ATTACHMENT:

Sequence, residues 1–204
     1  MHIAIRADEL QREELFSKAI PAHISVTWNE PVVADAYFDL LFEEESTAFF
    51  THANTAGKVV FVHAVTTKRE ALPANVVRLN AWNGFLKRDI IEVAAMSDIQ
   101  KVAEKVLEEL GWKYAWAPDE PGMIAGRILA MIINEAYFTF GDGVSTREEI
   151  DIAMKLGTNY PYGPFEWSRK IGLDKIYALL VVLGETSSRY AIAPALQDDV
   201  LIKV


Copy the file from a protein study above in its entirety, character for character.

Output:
Sequence, residues 1–204
     1  MHIAIRADEL QREELFSKAI PAHISVTWNE PVVADAYFDL LFEEESTAFF
    51  THANTAGKVV FVHAVTTKRE ALPANVVRLN AWNGFLKRDI IEVAAMSDIQ
   101  KVAEKVLEEL GWKYAWAPDE PGMIAGRILA MIINEAYFTF GDGVSTREEI
   151  DIAMKLGTNY PYGPFEWSRK IGLDKIYALL VVLGETSSRY AIAPALQDDV
   201  LIKV